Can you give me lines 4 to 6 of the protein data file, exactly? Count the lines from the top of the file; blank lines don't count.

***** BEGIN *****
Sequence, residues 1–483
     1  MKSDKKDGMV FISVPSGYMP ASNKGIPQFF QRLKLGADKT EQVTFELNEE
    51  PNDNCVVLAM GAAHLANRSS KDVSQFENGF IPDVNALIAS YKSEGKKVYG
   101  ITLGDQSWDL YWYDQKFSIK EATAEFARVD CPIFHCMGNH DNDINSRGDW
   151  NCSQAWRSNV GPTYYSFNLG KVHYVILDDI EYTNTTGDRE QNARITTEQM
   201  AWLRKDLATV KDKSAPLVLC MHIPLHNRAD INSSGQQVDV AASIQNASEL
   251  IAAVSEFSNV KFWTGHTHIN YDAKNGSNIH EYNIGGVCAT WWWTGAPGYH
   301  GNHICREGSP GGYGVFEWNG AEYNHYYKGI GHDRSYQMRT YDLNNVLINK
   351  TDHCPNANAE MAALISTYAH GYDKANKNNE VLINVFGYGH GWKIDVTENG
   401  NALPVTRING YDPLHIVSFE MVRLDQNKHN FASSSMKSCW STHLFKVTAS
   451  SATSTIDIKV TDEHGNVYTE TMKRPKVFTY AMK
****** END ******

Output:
   101  ITLGDQSWDL YWYDQKFSIK EATAEFARVD CPIFHCMGNH DNDINSRGDW
   151  NCSQAWRSNV GPTYYSFNLG KVHYVILDDI EYTNTTGDRE QNARITTEQM
   201  AWLRKDLATV KDKSAPLVLC MHIPLHNRAD INSSGQQVDV AASIQNASEL